Two new studies highlight technological advances in large-scale genomics and open windows into the lives of ancient people.
New research reveals a major migration to the island of Great Britain 3,000 years ago and offers fresh insights into the languages spoken at the time, the ancestry of present-day England and Wales, and even ancient habits of dairy consumption.
The findings are described in Nature by a team of more than 200 international researchers led by Harvard geneticists David Reich and Nick Patterson. Michael Isakov, a Harvard undergraduate who discovered the existence of the migration, is one of the co-first authors.
The analysis is one of two Reich-led studies of
As part of the genetic analysis, the researchers found that the ability to digest cow’s milk dramatically increased in Britain from 1200 to 200 B.C., which is about a millennium earlier than it did in central Europe. These findings illuminate a different role for dairy consumption in Britain during this period compared with the rest of mainland Europe. More study is needed to define that role, the researchers said. Increased milk tolerance would have provided a big advantage in the former of higher survival rates among the children of people carrying this genetic adaptation.
“It’s sort of incredible that we have geneticists, we have statisticians, we have archaeologists, linguists, and even chemical analysis coming together.”
— Michael Isakov, undergraduate who discovered the 3,000-year-old migration
The newly discovered ancestry change happened around 3,000 years ago, more than a millennium and a half before the Saxon period. The team was aware of a migration into England at some point during this gap because of an observation they made in research published in 2016. That study showed that contemporary English people have more DNA from early European farmers than people who lived in England about 4,000 years ago. The team set out to collect DNA from later periods to detect the shift.
The discontinuity — a specific point in time when the percentage of farmer ancestry in English genomes changed — was first noticed in the summer of 2019 by Isakov, an applied mathematics concentrator. He had started working as a researcher in Reich’s lab the summer after his first year and was able to increase the statistical power of the group’s ancestry tests. When he noticed some outliers in the data from people living 3,000 years ago, he led a closer analysis and discovered the migration.
“It’s an extraordinary outcome and I’m very happy that I was able to get through it,” said Isakov, who will graduate in May.
The second paper looks at kinship practices of 35 individuals who lived about 5,700 years ago and were buried in a tomb at Hazleton North in Gloucestershire, England. The researchers found a 27-person family — three times larger than the second-largest documented ancient family — whose kin relationships could be precisely determined by analyzing their DNA. The team created a family tree that covered five generations and found examples of polygyny, polyandry, adoption, and a key role for both patrilineal and matrilineal descent.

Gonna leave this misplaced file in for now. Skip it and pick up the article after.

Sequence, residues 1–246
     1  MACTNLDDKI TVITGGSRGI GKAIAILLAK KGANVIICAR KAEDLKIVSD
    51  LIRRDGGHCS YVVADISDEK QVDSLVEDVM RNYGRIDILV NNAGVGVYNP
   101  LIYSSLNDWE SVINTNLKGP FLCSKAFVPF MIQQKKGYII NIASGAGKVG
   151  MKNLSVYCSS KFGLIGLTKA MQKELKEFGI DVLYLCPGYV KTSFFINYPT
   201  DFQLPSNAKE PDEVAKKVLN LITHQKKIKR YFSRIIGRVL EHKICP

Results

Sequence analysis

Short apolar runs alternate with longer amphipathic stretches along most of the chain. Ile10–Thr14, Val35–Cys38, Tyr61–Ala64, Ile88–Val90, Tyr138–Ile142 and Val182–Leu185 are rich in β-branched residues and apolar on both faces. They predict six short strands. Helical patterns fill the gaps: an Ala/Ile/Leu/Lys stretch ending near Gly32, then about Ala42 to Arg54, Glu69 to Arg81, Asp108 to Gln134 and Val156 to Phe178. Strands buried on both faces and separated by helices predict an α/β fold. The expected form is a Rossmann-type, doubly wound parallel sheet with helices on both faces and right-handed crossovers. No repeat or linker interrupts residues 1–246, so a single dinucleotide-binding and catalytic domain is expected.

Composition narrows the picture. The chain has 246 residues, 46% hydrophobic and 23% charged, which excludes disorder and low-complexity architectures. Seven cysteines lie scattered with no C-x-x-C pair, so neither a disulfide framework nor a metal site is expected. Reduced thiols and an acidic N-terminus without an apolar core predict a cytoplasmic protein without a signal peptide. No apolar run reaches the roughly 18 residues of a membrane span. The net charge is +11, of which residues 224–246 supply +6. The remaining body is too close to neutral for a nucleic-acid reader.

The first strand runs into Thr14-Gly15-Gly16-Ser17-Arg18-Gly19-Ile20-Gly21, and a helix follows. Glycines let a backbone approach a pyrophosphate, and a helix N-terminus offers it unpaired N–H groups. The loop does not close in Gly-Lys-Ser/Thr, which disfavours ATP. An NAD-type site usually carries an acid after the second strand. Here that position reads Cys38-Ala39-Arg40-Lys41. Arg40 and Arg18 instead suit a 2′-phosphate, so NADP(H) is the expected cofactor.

The lab’s research illustrates the interdisciplinary collaborations that are required to tell the richest stories of the ancient past, Isakov said.
“It’s sort of incredible that we have geneticists, we have statisticians, we have archaeologists, linguists, and even chemical analysis coming together. I think that the fact that we’re able to like merge all these fields and have an actual insight that’s culturally important is a great example of interdisciplinary science.”
For more on this research, see Ancient DNA From Neolithic Tombs in Britain Reveals the World’s Oldest Family Tree.
“Large-scale migration into Britain during the Middle to Late Bronze Age” by Nick Patterson, Michael Isakov, Thomas Booth, Lindsey Büster, Claire-Elise Fischer, Iñigo Olalde, Harald Ringbauer, Ali Akbari, Olivia Cheronet, Madeleine Bleasdale, Nicole Adamski, Eveline Altena, Rebecca Bernardos, Selina Brace, Nasreen Broomandkhoshbacht, Kimberly Callan, Francesca Candilio, Brendan Culleton, Elizabeth Curtis, Lea Demetz, Kellie Sara Duffett Carlson, Daniel M. Fernandes, M. George B. Foody, Suzanne Freilich, Helen Goodchild, Aisling Kearns, Ann Marie Lawson, Iosif Lazaridis, Matthew Mah, Swapan Mallick, Kirsten Mandl, Adam Micco, Megan Michel, Guillermo Bravo Morante, Jonas Oppenheimer, Kadir Toykan Özdogan, Lijun Qiu, Constanze Schattke, Kristin Stewardson, J. Noah Workman, Fatma Zalzala, Zhao Zhang, Bibiana Agustí, Tim Allen, Katalin Almássy, Luc Amkreutz, Abigail Ash, Christèle Baillif-Ducros, Alistair Barclay, László Bartosiewicz, Katherine Baxter, Zsolt Bernert, Jan Blažek, Mario Bodružic, Philippe Boissinot, Clive Bonsall, Pippa Bradley, Marcus Brittain, Alison Brookes, Fraser Brown, Lisa Brown, Richard Brunning, Chelsea Budd, Josip Burmaz, Sylvain Canet, Silvia Carnicero-Cáceres, Morana Cauševic-Bully, Andrew Chamberlain, Sébastien Chauvin, Sharon Clough, Natalija Condic, Alfredo Coppa, Oliver Craig, Matija Crešnar, Vicki Cummings, Szabolcs Czifra, … Clive Waddington, Paula Ware, Paul Wilkinson, Linda Wilson, Rob Wiseman, Eilidh Young, Joško Zaninovic, Andrej Žitnan, Carles Lalueza-Fox, Peter de Knijff, Ian Barnes, Peter Halkon, Mark G. Thomas, Douglas J. Kennett, Barry Cunliffe, Malcolm Lillie, Nadin Rohland, Ron Pinhasi, Ian Armit and David Reich, 22 December 2021, Nature.
“A high-resolution picture of kinship practices in an Early Neolithic tomb” by Chris Fowler, Iñigo Olalde, Vicki Cummings, Ian Armit, Lindsey Büster, Sarah Cuthbert, Nadin Rohland, Olivia Cheronet, Ron Pinhasi and David Reich, 22 December 2021 Nature.
This research was funded in part by the John Templeton Foundation, the Allen Discovery Center program, the Howard Hughes Medical Institute, the National Institutes of Health, and the European Research Council.